Keira vomited, dry heaving on an empty stomach as she fell to her knees.
She felt Danny’s warm hand on her back and let him help pull her to her feet. She accepted the cool glass of water that Elliott offered, returning his sympathetic smile with a glare.
“What the hell, Elliott? Why am I not getting this?”
Elliott sighed, arching one eyebrow. “It takes time, Keira. I warned you it wouldn’t be easy. Our pneuma is unique to each one of us, residing deep within ourselves. To cast it outside of yourself, well, it can be a very jarring experience the first few times.”
Keira gritted her teeth. There was an edge of sympathy in his voice that she found grating, even as she knew logically that it was well-intended. She did not like being coddled. She shoved the cup back to him and turned back to Danny.
“Again,” she said forcefully, squaring her shoulders and reaching out a hand toward him.
He looked hesitant. “Are you sure? We could always wait . . . try again tomorr—”
“Now, Danny. We’ll try it again.”
He sighed. “Fine.”
He reached out and grabbed her hand, squaring himself in his own grounding stance. His job was to pull her pneuma back to the ground—that is, if she could ever get it moving. Keira stared at the small pile of hay in front of her, alluringly flammable and yet so annoyingly unmoved. You can do this, she told herself sternly. You have to do this.
She closed her eyes. Reaching deep within herself, just as Elliott had taught her, she searched for the pocket of energy she was determined to wrangle. In her mind’s eye, she moved through every part of her body, nudging, feeling, waiting for inspiration to strike, waiting for the telltale sensation.
And there it was.
It was a small, pulsing ball of energy that lay just behind her stomach. She froze, holding her ground as she grew suddenly wary to touch it, her instinct clearly learning from prior experience. Luckily, her willpower was stronger than her instincts.
She nudged it, ever so gently, and felt it slowly uncoil. It grew larger, and she thrilled at the warmth she felt as it slithered out through her limbs, reaching the ends of her fingertips. It pulsed with a beat of its own that ran in syncopated rhythm with her own heartbeat. She tuned her mind’s ear to that pulse, letting it fill her thoughts. Then, slowly, ever so gently, she whistled.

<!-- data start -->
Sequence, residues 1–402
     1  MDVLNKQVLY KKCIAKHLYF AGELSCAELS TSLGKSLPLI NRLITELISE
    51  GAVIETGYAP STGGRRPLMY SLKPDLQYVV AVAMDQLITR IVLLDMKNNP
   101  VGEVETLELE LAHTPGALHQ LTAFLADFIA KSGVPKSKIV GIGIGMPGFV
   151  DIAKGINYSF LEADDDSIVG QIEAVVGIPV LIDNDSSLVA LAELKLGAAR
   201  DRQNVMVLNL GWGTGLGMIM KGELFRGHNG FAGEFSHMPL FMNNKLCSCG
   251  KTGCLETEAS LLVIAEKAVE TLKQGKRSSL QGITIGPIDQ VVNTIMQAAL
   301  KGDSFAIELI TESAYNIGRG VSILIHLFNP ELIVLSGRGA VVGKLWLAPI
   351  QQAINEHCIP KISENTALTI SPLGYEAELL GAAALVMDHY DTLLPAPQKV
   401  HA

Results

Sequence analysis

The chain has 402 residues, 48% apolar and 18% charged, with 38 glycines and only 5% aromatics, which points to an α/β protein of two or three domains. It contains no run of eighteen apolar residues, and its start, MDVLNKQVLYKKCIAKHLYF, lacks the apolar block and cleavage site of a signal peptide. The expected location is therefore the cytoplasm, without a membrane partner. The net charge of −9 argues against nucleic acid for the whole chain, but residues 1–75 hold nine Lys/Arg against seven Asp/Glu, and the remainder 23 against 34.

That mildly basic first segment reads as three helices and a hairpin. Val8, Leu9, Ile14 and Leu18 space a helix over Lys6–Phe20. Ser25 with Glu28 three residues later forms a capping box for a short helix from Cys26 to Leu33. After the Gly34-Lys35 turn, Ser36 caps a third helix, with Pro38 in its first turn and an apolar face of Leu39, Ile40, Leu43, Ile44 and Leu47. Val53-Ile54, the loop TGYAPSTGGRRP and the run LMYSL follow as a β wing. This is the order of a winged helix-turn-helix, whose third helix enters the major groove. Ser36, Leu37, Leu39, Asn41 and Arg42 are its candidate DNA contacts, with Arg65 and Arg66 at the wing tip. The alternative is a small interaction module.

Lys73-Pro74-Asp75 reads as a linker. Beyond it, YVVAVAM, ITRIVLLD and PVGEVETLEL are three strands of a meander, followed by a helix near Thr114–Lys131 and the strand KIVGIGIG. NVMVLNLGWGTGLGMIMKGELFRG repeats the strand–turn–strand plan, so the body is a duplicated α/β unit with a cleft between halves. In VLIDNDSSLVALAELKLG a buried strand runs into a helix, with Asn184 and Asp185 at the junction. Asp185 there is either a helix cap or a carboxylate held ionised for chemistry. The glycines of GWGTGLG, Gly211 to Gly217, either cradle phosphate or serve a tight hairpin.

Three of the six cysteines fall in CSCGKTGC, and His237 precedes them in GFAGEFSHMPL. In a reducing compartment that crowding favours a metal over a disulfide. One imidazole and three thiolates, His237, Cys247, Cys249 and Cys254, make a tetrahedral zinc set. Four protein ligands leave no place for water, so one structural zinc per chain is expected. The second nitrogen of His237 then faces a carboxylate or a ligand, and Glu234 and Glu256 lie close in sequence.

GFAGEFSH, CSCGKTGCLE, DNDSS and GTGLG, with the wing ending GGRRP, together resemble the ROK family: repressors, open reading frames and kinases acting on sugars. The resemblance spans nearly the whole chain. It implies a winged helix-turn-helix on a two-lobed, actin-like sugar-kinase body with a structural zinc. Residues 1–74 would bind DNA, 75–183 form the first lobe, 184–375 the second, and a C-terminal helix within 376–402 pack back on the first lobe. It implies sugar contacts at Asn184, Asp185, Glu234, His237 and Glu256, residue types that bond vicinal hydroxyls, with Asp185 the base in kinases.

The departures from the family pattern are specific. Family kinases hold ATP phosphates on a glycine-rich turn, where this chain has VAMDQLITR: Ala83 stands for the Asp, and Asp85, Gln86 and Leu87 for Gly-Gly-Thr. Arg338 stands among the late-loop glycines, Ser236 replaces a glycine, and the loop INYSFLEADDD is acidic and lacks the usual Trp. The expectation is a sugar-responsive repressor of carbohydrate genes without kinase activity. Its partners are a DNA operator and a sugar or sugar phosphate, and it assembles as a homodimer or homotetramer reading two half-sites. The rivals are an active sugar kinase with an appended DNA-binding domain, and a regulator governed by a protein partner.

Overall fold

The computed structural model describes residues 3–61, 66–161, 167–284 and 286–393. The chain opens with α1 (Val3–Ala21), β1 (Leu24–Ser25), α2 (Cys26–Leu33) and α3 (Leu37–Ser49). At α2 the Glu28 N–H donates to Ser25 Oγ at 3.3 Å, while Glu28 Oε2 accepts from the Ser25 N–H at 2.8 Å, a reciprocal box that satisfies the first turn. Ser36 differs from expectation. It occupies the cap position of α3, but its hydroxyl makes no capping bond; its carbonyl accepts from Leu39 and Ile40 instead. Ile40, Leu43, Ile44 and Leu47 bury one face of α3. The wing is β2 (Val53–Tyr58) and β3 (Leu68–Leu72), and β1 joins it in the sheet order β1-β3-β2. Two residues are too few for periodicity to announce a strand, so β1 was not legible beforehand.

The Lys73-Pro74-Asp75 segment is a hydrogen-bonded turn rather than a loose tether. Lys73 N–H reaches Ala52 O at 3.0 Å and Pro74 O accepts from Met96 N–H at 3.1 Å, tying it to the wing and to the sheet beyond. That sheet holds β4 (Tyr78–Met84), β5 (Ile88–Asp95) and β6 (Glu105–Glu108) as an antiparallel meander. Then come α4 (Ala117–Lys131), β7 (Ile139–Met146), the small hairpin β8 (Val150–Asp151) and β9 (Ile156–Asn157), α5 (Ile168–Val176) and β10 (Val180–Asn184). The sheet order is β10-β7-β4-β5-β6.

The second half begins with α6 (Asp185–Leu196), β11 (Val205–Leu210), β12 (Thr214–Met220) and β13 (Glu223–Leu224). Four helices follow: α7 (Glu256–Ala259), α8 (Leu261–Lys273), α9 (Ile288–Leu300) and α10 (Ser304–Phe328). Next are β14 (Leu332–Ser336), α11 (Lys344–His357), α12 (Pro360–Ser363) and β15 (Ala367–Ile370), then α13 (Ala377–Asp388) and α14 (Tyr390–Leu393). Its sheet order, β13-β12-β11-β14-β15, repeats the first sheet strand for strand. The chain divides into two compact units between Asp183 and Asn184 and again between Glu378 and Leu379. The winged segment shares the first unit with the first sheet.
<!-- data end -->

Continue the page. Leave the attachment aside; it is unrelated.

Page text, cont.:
Nothing happened. The energy remained where it was, pulsing in her limbs as if not catching on. She tuned the pitch of her whistle, just slightly, and there!
Her pneuma leaped in recognition, clinging to the sound and forcing its way out of her. She could feel the energy pulsing through her fingertips. She felt a swell of panic and firmly squashed it. She peeled open one eye and then the other, trying her best to focus that energy on that small pile of hay and twigs. She ignored the blooming sensation of nausea, focusing in the direction she wanted her pneuma to go.
And there it was. A small plume of smoke began twisting and winding its way up from the hay. Excitement bloomed within her, even more powerful than the fear and nausea she was holding at bay. I’m doing it!
Her whistle became louder, almost unconsciously, as her excitement threatened to run away with her. The energy pulsed, a massive surge that burst its way out of her. She felt numb. I’m going with it, she realized suddenly, as she felt herself being slowly peeled away from her body.
She panicked, clinging to her own body, trying to reel herself back in through her mind’s eye.
She thought she heard a voice but couldn’t make out the words. It was Danny. He was calling her name, calling her back. She struggled against the pull of the pneuma, desperately trying to untangle herself from its tentacled grip. But she was losing ground. With every second she felt its pull strengthen as it dragged her inch by inch away from her body.
And then he was there.